If a student has difficulty learning a skill or concept, what would you do?
I try to explain it in different ways, appealing to different learning styles. The explanation I'm giving at first may sound great to my own ears, but my default teaching style may not be appropriate for a student's learning style. Also, I break the concept down as much as I need to for the student to be able to process the idea as a whole.
How do you help students who are struggling with reading comprehension?
Discussion is key with reading comprehension. What I focus on when I'm talking to a student about something that's just been read is asking them questions about why something happened, or what kind of personality a character has...and when they answer me, I have them point to the clues in the words on the page that allow one to make statements about the author's tone, characterization, etc.
What strategies have you found to be most successful when you start to work with a student?
The beginning of my tutoring relationships with students are often very quiet from my end because that's when I like to be most attentive to what their needs are. As I discover what they're confused with and where they need help, I start talking more because at that point, I am able to tailor my suggestions to their situation.
How would you help a student get excited/engaged with a subject that they are struggling in?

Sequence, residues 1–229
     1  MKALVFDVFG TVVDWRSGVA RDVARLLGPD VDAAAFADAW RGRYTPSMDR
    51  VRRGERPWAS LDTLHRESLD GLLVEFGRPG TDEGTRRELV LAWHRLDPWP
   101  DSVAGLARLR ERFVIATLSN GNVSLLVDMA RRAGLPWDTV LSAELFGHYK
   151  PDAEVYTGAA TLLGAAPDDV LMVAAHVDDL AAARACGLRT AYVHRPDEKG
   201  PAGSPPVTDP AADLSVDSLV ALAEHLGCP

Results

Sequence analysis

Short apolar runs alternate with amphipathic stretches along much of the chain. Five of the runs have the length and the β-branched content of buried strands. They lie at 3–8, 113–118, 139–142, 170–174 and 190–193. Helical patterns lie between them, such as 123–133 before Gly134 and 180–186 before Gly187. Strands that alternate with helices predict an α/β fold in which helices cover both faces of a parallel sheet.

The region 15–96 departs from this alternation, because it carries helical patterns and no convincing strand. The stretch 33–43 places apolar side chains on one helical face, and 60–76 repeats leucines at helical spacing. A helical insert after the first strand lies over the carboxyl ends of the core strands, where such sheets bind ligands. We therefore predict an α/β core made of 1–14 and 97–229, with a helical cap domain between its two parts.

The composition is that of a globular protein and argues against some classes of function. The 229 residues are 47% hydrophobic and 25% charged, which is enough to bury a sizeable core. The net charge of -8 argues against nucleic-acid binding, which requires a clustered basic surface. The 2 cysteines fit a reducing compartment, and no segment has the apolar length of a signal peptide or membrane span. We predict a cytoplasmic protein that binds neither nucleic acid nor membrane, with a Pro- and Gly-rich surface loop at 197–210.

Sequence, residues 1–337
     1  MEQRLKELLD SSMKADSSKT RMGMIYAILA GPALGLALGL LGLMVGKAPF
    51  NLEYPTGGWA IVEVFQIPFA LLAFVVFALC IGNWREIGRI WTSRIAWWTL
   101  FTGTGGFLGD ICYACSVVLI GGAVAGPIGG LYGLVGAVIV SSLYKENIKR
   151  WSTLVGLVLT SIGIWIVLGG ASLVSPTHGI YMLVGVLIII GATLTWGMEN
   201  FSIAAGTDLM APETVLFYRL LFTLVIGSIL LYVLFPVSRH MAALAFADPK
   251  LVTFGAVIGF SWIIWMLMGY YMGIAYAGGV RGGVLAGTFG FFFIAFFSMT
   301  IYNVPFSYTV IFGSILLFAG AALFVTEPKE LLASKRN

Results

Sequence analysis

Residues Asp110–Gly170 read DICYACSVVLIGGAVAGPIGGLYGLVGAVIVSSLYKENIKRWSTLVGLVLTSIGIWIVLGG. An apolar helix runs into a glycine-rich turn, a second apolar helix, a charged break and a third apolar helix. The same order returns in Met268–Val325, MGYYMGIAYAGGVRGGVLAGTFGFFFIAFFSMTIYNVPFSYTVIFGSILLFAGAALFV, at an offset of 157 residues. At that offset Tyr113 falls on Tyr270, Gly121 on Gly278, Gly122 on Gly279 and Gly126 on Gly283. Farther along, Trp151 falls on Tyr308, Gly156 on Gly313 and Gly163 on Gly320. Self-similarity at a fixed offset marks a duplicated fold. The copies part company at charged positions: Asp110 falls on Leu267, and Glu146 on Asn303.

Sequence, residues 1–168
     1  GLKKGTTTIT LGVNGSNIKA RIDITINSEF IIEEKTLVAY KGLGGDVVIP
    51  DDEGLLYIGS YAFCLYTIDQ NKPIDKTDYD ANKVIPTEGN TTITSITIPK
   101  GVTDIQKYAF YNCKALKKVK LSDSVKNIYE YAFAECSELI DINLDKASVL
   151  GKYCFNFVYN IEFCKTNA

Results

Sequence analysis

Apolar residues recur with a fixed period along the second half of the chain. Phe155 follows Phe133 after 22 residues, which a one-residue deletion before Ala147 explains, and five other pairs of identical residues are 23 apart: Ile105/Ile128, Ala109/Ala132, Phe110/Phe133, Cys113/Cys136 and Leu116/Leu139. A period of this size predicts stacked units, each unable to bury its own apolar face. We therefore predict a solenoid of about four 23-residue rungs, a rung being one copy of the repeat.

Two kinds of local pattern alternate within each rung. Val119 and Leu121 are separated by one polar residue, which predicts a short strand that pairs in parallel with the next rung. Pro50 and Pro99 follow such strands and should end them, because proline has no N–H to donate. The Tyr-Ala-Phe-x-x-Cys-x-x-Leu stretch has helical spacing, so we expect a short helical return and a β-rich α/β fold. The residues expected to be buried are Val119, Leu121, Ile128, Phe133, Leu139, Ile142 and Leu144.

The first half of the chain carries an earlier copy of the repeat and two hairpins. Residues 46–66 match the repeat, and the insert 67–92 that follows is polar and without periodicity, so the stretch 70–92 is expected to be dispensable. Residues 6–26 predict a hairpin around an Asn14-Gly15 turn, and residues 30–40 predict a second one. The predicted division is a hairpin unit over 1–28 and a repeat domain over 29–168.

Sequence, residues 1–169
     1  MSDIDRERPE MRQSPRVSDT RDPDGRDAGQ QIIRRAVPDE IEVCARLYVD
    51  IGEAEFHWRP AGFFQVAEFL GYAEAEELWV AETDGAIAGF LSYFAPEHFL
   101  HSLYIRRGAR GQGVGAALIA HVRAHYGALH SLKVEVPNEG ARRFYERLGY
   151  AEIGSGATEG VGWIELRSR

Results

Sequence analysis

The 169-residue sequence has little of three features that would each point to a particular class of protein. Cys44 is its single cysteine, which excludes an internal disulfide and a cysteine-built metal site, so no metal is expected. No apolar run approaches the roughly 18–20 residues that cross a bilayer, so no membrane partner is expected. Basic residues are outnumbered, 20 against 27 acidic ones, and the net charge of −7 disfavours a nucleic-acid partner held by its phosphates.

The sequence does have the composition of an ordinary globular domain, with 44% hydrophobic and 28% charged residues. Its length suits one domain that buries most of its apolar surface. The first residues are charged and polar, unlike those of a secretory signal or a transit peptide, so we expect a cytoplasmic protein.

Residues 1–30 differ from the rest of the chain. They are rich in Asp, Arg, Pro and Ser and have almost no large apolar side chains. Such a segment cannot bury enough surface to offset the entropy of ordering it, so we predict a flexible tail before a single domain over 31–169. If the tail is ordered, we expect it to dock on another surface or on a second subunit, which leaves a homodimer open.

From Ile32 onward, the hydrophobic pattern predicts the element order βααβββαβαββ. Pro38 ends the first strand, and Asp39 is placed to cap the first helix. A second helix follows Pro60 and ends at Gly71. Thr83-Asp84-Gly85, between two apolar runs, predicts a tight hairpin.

Normally students feel most comfortable with concepts they've mastered, so I would try to relate the material they find challenging to things they already know.
What techniques would you use to be sure that a student understands the material?
I'd ask questions relating to the concept covered that present different scenarios than what they've been exposed to.
How do you build a student's confidence in a subject?
With students that are finding a particular concept hard to understand, I like to present progressively more difficult questions so that they are challenged with each but not so intimidated that they just get discouraged. Before they know it, they're tackling problems they might have been intimidated by at first.
How do you evaluate a student's needs?
Evaluating a student's needs involves paying close attention to what teaching methods resound with them the most. Usually I try getting a student to understand concepts in different ways until I see that they finally got it, and I make a mental note of what method worked best for them.
How do you adapt your tutoring to the student's needs?
I adapt my tutoring to the student's needs by paying attention to what teaching methods work best for them and applying those.
What types of materials do you typically use during a tutoring session?
Usually the students have class assignments or practice from their school textbooks, but I always bring paper, writing utensils, and a calculator in case I need to provide an in-depth explanation for a concept.